The investigation of glutathione peroxidase as a main factor in the pathogenesis of Hashimoto’s thyroiditis is due to the known importance of selenium (which I necessary for glutathione peroxidase’s function) as well as the postulation that in the absence of adequate antioxidant activity, the damage thyroid gland and associated enzyme materials are what provide the antigens to which an autoimmune response is mounted, in the presence of “foreign” antigen and stresses cells due to reactive hydrogen peroxide. In addition, the thyroid gland contains more grams of selenium per tissue than any other organ in the body. Some studies have confirmed this hypothesis, reporting that, “mean [glutathione] levels in [Hashimoto’s thyroiditis] patients is markedly lower compared to healthy controls. The fall in [glutathione] levels coincided with a marked elevation of [glutathione peroxidase] activities in [H Hashimoto’s thyroiditis] patients; [glutathione] levels were inversely and significantly correlated with TPO-AB titers,” which presents clear and logical support for glutathione being a major to main factor in the etiology of Hashimoto’s thyroiditis. This, sadly, has not been replicated as it should be if it were strictly true. One study found that glutathione peroxidase levels and selenium levels were not correlated, nor were the levels altered in patients who were currently under treatment with levothyroxine for hypothyroidism (late Hashimoto’s). In addition, a meta-analytical study found that there was a high bias risk in many studies supporting selenium and glutathione’s role in Hashimoto’s thyroiditis, claiming that. “evidence to support or refute the efficacy of selenium supplementation in people with Hashimoto’s thyroiditis is incomplete and not reliable to help inform clinical decision making.”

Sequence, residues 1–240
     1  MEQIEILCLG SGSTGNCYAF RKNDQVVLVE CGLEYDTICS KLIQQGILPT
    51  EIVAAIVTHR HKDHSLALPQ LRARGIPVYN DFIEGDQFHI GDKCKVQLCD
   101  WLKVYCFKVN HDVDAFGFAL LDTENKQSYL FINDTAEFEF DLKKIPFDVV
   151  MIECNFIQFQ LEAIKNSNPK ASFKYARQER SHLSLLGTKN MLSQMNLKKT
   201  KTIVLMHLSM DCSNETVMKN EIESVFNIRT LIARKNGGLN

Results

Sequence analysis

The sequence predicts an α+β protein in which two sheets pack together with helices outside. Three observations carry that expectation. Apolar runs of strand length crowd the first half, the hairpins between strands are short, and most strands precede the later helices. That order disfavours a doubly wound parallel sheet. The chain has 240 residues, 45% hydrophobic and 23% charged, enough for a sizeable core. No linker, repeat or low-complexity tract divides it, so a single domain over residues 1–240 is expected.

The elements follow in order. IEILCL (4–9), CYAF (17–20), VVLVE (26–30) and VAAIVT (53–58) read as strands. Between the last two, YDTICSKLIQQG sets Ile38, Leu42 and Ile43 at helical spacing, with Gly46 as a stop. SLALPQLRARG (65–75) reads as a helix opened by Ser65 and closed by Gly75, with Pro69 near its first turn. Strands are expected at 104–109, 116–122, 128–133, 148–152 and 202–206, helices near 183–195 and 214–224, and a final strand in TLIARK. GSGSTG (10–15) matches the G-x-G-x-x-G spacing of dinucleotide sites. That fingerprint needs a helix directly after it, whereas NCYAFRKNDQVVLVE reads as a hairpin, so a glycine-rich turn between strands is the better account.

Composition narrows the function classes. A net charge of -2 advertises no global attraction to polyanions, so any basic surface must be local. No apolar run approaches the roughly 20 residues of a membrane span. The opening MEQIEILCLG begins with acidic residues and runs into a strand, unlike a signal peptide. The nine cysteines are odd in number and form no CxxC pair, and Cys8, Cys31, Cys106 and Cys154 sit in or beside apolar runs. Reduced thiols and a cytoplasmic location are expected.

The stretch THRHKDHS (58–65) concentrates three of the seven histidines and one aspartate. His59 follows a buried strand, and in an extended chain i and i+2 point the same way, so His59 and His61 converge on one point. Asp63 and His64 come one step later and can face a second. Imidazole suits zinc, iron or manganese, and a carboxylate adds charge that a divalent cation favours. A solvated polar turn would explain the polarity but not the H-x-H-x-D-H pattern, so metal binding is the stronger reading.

It is imperative that larger scale studies investigating selenium and glutathione peroxidases’ role in the etiology of Hashimoto’s thyroiditis as well as certain aspects of their mechanisms in the pathogenesis are performed. Prior to such information, it would be unscientific and biased to make any claims about the involvement of such things in the disease. With the current information, it is sound to claim that selenium levels ought to be checked and supplemented if low, due solely to their implications in the immune response and the regulation of conversion between T3 and T4. As for the glutathione aspect, prior to knowing whether it is implicated in the disease, it would be completely risk free and perhaps beneficial to consume foods rich in glutamate, cysteine, and glycine, glutathione’s precursors (as supplementation done in excess may be detrimental).